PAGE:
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Original Investigation |

Modular Component Assembly Approach to Microtia Reconstruction

Jessica R. Gandy, BS1,2; Bryan Lemieux, BS1,2; Allen Foulad, MD2,3; Brian J. F. Wong, MD, PhD2,3,4,5
[+] Author Affiliations
1Medical student, School of Medicine, University of California–Irvine, Irvine
2Beckman Laser Institute and Medical Clinic, University of California–Irvine, Irvine
3Department of Otolaryngology, Head and Neck Surgery, University of California–Irvine, Orange
4Department of Otolaryngology, Head and Neck Surgery, University of California–Irvine, Irvine
5Department of Biomedical Engineering, University of California–Irvine, Irvine
JAMA Facial Plast Surg. 2016;18(2):120-127. doi:10.1001/jamafacial.2015.1838.
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Background  Current methods of microtia reconstruction include carving an auricular framework from the costal synchondrosis. This requires considerable skill and may create a substantial defect at the donor site.

Objective  To present a modular component assembly (MCA) approach that minimizes the procedural difficulty with microtia repair and reduces the amount of cartilage to a single rib.

Design, Setting, and Participants  Ex vivo study and survey. A single porcine rib was sectioned into multiple slices using a cartilage guillotine, cut into components outlined by 3-dimensional printed templates, and assembled into an auricular scaffold. Electromechanical reshaping was used to bend cartilage slices for creation of the helical rim. Chondrocyte viability was confirmed using confocal imaging. Ten surgeons reviewed the scaffold constructed with the MCA approach to evaluate aesthetics, stability, and clinical feasibility. The study was conducted from June 5 to December 18, 2014.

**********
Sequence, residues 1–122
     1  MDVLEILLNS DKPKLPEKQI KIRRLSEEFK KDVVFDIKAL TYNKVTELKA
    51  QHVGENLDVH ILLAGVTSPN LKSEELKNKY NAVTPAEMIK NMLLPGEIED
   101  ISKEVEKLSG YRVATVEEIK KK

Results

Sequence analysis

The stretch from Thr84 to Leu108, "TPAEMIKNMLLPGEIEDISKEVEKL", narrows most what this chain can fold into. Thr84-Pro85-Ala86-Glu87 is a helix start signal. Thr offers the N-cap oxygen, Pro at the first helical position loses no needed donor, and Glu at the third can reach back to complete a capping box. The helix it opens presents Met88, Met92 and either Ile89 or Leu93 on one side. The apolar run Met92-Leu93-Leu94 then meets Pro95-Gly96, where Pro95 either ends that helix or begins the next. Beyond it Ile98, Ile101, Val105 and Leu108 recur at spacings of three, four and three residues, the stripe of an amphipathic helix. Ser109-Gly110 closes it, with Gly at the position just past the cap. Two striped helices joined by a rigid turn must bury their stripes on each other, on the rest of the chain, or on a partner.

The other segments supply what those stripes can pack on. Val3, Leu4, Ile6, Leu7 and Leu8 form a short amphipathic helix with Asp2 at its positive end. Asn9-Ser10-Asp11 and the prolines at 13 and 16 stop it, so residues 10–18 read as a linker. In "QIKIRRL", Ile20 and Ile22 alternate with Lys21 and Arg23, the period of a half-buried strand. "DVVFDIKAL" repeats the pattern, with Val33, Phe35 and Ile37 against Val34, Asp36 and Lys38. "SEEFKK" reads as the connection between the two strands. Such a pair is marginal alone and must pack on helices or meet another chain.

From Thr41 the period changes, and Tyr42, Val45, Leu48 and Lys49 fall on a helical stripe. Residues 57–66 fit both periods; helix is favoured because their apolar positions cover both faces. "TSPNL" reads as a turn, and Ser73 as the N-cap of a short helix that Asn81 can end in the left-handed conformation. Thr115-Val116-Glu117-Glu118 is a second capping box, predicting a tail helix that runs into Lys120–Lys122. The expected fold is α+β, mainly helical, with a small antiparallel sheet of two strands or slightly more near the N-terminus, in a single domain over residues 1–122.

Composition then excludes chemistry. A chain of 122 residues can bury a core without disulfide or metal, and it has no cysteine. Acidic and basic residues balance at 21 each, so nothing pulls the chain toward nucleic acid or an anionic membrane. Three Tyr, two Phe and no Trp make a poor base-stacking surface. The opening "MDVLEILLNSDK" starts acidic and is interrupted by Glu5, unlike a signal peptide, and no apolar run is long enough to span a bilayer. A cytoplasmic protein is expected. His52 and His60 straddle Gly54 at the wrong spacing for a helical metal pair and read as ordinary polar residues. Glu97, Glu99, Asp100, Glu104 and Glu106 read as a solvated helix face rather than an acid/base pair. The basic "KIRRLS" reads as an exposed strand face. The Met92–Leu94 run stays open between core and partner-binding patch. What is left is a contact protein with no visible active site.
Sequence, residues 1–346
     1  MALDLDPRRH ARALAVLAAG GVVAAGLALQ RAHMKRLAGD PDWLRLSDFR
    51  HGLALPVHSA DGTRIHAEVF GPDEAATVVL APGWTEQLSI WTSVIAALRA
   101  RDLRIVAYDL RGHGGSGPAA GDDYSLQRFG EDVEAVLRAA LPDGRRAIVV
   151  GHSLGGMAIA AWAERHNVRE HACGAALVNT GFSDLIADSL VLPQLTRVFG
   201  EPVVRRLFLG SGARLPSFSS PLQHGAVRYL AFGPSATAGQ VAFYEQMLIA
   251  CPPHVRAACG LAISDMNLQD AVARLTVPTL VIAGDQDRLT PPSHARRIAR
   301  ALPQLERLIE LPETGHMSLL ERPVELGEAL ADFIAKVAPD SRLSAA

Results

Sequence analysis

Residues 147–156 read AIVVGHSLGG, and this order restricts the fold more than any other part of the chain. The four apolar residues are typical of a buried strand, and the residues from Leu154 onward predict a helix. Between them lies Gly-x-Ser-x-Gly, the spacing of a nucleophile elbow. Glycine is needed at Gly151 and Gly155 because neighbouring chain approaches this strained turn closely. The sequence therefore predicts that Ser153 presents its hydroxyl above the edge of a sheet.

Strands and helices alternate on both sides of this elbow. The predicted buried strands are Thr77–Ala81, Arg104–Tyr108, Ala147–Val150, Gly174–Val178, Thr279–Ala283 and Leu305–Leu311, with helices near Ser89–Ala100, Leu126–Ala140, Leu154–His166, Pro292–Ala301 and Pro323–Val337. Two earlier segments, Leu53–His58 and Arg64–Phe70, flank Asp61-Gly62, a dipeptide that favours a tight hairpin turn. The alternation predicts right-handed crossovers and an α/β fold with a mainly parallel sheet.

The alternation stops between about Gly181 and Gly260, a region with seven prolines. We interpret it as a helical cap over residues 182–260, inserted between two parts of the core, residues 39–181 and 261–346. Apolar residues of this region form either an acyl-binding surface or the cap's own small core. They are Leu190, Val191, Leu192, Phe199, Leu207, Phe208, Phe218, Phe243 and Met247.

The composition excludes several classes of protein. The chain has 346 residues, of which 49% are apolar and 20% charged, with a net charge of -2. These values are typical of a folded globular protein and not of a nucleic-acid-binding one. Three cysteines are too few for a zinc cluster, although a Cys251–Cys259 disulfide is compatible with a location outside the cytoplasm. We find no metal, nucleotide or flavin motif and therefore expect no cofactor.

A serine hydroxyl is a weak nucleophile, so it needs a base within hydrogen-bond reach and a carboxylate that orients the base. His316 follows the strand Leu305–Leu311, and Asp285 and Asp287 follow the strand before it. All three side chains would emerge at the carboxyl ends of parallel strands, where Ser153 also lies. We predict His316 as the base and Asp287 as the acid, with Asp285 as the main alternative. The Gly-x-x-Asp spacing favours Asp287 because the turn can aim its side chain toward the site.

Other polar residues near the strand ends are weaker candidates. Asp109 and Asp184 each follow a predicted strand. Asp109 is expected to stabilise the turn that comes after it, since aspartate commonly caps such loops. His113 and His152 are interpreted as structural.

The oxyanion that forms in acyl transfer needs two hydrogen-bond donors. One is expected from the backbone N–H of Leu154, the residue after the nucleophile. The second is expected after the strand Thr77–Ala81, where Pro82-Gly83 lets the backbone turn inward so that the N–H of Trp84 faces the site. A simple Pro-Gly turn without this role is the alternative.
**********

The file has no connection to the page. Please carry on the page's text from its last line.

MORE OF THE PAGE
Main Outcomes and Measures  The primary outcome was creation of a modular component assembly method that decreases the total amount of rib needed for scaffold construction, as well as overall scaffold acceptability. The surgeons provided their assessments through a Likert-scale survey, with responses ranging from 1 (disagree with the statement) to 5 (agree with the statement). Thus, a higher score represents that the surgeon agrees that the scaffold is structurally and aesthetically acceptable and feasible.

Results  An auricular framework with projection and curvature was fashioned from 1 rib. The 10 surgeons who participated in the survey indicated that the MCA scaffold would meet minimal aesthetic and anatomic acceptability. When embedded under a covering, the region of the helix and antihelix of the scaffold scored significantly higher on the assessment survey than that of an embedded alloplast implant (mean [SD], 4.6 [0.97] vs 3.5 [1.27]; P = .007). Otherwise, no significant difference was found between the embedded MCA and alloplast implants (4.42 [0.48] vs 3.87 [0.41]; P = .13). Cartilage prepared with electromechanical reshaping was viable.